Lobby at Tower Hamlets over whistle-blower facing eviction after 24 years
PUBLISHED: 07:01 12 August 2014 | UPDATED: 08:20 12 August 2014
Michael James faces a mid-life crisis being booted out of the home he’s rented for 24 years in London’s East End—all because he says he complained about dangerous conditions in his block of flats.
Now his plight, with just six weeks before he is out on the streets, has sparked a campaign to get a Tower Hamlets private landlords’ register started like in neighbouring Newham.
The 52-year-old bachelor complained to his landlords about conditions at Shadwell’s Chapman House.
That was even before he says the roof collapsed onto a tenant’s flat on the top floor.
So the whistle-blower went to the council which sent inspectors to examine the state of the block.
“They thought it was important enough to contact the landlord,” Michael told the East London Advertiser.
“The landlord visited the building and I pointed out damage to the concrete slabs which you could kick off the landing and seriously injure someone.
“Two days later, I got an eviction notice.”
He has to be out of the flat by the end of September because private landlords “don’t have to say anything or explain why they want to get rid of a tenant”.
A neighbour told of his plight at a meeting of the newly-formed Tower Hamlets Private Renters’ Group which is now calling for a landlords register.
This would mean inspectors automatically checking properties for safety without tenants having to complain, which many fear leads to evictions or their rents being hiked up.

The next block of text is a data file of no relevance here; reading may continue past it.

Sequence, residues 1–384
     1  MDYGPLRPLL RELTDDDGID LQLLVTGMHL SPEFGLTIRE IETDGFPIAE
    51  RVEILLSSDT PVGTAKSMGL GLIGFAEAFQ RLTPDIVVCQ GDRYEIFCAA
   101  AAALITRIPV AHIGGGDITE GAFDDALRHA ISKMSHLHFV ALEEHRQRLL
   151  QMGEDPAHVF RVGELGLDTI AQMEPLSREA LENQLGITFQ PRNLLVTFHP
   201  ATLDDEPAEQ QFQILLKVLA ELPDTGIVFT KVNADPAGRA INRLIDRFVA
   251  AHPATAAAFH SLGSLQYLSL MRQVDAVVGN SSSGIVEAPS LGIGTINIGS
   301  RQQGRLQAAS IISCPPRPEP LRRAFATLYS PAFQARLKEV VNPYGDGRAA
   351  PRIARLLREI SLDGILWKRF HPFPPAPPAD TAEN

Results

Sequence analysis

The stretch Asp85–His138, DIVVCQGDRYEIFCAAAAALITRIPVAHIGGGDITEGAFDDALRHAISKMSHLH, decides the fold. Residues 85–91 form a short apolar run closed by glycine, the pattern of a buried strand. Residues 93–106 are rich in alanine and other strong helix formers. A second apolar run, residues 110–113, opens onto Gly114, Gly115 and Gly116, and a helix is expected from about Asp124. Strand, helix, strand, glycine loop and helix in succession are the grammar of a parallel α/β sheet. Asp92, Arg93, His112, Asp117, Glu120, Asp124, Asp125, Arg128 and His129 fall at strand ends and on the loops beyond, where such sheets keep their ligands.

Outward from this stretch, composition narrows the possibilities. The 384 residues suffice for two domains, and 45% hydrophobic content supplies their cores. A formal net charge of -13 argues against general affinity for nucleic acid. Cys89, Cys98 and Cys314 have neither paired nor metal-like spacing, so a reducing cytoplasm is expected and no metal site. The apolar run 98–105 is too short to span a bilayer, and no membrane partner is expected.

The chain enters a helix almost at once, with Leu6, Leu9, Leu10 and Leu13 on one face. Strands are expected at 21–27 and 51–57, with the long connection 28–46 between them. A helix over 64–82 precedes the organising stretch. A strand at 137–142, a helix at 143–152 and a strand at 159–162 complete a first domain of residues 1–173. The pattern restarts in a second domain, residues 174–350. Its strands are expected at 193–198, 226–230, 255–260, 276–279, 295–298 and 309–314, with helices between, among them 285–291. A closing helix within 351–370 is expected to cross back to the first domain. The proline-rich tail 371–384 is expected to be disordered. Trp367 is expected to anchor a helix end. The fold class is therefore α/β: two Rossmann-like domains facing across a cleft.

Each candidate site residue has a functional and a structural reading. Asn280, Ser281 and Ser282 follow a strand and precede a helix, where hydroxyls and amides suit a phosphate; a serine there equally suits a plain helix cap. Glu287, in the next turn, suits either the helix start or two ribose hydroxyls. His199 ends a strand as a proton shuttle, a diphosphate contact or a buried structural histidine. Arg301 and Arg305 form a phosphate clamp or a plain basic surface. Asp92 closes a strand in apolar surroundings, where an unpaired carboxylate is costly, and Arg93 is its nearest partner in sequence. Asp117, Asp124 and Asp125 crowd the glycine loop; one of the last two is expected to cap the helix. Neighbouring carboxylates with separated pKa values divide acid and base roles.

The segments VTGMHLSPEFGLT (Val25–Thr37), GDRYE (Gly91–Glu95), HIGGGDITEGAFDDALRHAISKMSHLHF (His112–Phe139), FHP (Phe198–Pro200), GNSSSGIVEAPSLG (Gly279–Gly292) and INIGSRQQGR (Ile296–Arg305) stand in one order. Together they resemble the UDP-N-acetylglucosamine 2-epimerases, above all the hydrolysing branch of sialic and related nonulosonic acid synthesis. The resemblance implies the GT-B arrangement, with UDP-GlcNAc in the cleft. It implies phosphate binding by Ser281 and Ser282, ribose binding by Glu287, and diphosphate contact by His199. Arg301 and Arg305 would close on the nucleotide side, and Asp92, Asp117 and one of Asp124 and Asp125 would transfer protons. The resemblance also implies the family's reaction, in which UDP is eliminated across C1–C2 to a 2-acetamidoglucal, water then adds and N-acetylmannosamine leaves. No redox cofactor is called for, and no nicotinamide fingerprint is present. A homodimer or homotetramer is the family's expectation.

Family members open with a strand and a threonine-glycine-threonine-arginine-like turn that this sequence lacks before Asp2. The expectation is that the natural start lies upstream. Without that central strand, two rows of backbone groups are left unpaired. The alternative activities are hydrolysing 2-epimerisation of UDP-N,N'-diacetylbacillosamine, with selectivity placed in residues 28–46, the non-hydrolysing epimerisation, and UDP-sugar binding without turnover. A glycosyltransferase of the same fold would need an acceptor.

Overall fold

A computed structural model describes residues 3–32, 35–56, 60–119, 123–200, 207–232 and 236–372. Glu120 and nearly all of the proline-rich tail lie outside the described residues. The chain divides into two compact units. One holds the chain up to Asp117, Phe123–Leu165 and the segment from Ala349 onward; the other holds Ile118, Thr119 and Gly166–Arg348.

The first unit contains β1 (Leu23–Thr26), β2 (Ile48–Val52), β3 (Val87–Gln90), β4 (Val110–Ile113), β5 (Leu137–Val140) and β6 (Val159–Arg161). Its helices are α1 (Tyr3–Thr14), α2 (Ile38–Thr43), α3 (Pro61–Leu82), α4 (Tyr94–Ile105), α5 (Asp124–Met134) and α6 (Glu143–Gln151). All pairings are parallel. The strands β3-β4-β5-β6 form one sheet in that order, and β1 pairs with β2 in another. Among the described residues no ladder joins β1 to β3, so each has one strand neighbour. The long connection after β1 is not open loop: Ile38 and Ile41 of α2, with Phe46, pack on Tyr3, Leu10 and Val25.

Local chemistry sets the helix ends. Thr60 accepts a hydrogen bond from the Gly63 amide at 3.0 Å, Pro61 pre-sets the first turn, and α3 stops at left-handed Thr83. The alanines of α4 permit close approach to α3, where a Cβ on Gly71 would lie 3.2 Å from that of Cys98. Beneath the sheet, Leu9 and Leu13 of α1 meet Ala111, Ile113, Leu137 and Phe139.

A lobby at Tower Hamlets council was organised by the group’s Glenn McMahon, who lodged a question asking councillors what action was being taken “to enforce better conditions after reports of serious disrepair and threats of retaliatory evictions at Chapman House.”
Glenn said later: “There’s no regulation in private renting in the East End and we want to see that changed with a landlord licensing scheme like Newham’s to tackle these landlords.
“All 32,000 private properties would pay £100 a year for registration which would bring in £3.2 million to pay for inspectors to tell landlords what they need to sort out. The council only has the power to act on unsafe conditions if someone complains—which puts their tenancy at risk of retaliation.”
Michael James says his landlords, Lepex Holdings, have “no justification” to evict him from his £700-a-month flat.
Lepex Holdings is registered at a north London address in Finchley Road, Temple Fortune, buying and selling its own real estate, with an unlisted phone number and no published email address when the Advertiser tried to contact them. The company has three listed directors, on the board 22 years—ironically, just two years after Michael first moved into his flat.
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